With BP on my mind after writing last night’s article, I was once again a bit surprised to study the full effects that dividend payments can have—not just in terms of total returns—but also in providing a cushion against the next fall in the price of stock. The list of companies with worse PR issues than BP is indeed short, and people who remark that the price has little changed since 2010 are, of course, right.
But here is what I see: $1.68 in 2011 dividends, $1.98 in 2012 dividends, $2.19 in 2013 dividends, $2.34 in 2014 dividends, and (projected) $2.40 dividends in 2015. The price at both the start of 2011 and … Read the rest of this article!
When people talk about the checklist of elements that make for a good investment, one of the things you will invariably hear people say is this: Good management. Find companies that are being run by intelligent, forward-thinking people that can anticipate what will come and the risks posed in the future, and you will do well knowing that you entrusted your capital to good hands. The problem with this? A lot of times, talking about good management is a mere platitude and not something that you can actionably make decisions based on—if you visit a corporate website, you will see a lot of people looking regal in their suits accompanied by a list … Read the rest of this article!
Even though I completely understand why investors find dividend cuts unpleasant, I hold the opinion that it is incredibly self-destructive to sell a profitable company after a dividend cut because it is almost assured that the price of the stock has fallen and you would be engaging in the practice of selling low. My opinion on this is intensified when it comes to commodity investing. Outside of, say, Exxon and Chevron, dividend cuts in the sector are fair game. You can grow production of oil and oil equivalents all you want, but if the price of the commodity falls 40%, 50%, 60%, it is unlikely that the company will generate the cash flow … Read the rest of this article!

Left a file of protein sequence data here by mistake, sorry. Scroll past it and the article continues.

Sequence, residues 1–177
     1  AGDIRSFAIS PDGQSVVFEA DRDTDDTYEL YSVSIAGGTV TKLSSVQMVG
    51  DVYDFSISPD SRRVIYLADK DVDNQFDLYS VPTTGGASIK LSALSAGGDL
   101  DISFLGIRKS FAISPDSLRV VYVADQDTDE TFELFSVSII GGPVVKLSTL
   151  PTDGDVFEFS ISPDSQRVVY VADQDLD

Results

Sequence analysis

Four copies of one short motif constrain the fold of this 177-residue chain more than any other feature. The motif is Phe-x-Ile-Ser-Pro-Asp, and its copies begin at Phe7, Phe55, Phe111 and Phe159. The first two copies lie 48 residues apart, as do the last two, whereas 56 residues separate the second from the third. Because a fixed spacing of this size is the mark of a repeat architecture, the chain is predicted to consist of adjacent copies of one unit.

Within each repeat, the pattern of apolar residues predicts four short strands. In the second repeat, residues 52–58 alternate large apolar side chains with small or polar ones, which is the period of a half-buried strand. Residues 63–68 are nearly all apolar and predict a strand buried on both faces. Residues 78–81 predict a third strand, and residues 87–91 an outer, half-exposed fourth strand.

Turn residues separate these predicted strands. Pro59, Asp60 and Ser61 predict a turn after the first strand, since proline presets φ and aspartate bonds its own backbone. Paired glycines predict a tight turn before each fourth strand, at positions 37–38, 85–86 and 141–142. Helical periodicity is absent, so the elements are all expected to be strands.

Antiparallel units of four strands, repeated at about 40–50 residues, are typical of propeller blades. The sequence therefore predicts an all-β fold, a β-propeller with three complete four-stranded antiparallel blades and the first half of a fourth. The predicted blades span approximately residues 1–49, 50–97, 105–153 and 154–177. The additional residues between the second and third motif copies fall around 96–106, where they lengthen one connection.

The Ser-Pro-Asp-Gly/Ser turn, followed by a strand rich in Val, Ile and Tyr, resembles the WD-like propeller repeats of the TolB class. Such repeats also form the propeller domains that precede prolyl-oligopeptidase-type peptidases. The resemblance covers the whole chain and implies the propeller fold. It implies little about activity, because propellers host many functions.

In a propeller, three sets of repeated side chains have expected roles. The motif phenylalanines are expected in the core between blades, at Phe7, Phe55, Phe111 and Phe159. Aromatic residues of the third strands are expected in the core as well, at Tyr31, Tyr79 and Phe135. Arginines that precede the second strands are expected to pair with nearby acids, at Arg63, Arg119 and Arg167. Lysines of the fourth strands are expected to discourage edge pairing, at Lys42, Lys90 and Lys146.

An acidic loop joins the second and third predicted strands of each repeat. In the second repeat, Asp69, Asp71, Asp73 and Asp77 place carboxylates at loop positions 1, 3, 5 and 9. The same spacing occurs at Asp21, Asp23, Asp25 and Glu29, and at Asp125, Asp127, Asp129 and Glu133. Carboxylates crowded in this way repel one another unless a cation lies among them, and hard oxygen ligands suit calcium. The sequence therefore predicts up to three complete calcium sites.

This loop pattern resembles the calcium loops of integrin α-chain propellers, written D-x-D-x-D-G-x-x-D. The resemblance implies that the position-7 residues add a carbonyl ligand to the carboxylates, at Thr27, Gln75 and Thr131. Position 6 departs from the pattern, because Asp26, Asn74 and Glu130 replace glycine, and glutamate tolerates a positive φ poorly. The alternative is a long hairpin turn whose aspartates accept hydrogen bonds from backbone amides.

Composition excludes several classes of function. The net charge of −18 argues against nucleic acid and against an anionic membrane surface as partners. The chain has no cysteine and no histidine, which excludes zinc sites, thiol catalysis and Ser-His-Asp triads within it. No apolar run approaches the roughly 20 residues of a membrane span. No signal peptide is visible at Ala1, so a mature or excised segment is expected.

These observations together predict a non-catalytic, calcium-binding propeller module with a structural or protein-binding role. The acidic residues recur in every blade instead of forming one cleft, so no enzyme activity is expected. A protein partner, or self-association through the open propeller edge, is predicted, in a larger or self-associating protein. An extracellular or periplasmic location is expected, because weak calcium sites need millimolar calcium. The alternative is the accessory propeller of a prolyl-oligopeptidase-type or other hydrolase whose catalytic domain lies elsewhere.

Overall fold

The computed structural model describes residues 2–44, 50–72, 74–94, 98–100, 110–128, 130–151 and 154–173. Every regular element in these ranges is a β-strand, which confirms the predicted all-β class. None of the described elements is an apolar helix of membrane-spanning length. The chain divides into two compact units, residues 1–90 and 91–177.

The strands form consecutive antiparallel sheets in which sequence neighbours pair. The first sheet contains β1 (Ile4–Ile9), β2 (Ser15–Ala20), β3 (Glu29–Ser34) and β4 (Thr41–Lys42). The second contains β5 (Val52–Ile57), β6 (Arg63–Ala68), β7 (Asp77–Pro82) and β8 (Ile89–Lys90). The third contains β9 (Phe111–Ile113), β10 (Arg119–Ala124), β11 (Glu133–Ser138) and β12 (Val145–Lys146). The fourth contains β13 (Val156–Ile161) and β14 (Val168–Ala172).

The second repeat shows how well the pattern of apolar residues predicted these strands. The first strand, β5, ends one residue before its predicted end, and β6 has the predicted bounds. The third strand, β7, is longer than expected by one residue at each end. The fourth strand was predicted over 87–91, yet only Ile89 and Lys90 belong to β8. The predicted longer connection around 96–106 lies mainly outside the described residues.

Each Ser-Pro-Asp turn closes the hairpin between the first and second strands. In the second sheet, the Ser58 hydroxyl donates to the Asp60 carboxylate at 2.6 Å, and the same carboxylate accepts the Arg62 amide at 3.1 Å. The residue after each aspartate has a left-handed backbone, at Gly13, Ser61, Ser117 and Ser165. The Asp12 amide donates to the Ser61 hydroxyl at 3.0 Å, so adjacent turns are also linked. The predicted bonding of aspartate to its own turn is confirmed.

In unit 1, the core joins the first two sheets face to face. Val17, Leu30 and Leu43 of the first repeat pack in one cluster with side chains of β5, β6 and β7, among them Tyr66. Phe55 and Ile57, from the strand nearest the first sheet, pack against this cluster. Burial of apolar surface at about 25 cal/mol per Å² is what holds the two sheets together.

A guy that was in my fraternity, and took a job on Wall Street, found himself in the position of being able to invest $5,000 per month immediately after graduation. That’s a lot of money, but he is in New York, one of the few places in the world where that amount of money doesn’t actually do as much as it sounds. He calls me up to talk investing a few times per year, not because he wants my insight on anything, but because he knows I will nod my head and agree with him on what he is doing with his money: He is buying shares of credit card companies hand over … Read the rest of this article!
Usually, restaurant stocks are not something to get excited about if you are looking to hold the stock for awhile. The industry itself experiences over 90% failure, and the only real success story (from the perspective of making investors reliably rich) has been McDonald’s. Investors considering a restaurant stock find themselves in the following dilemma: Either the restaurant is the next big hot thing and the valuation goes to something crazy like 100x profits to price in many future years of growth already, or a company has fallen out of fashion and can only stimulate earnings per share by opening up new stores rather than making existing restaurants more profitable which usually leads … Read the rest of this article!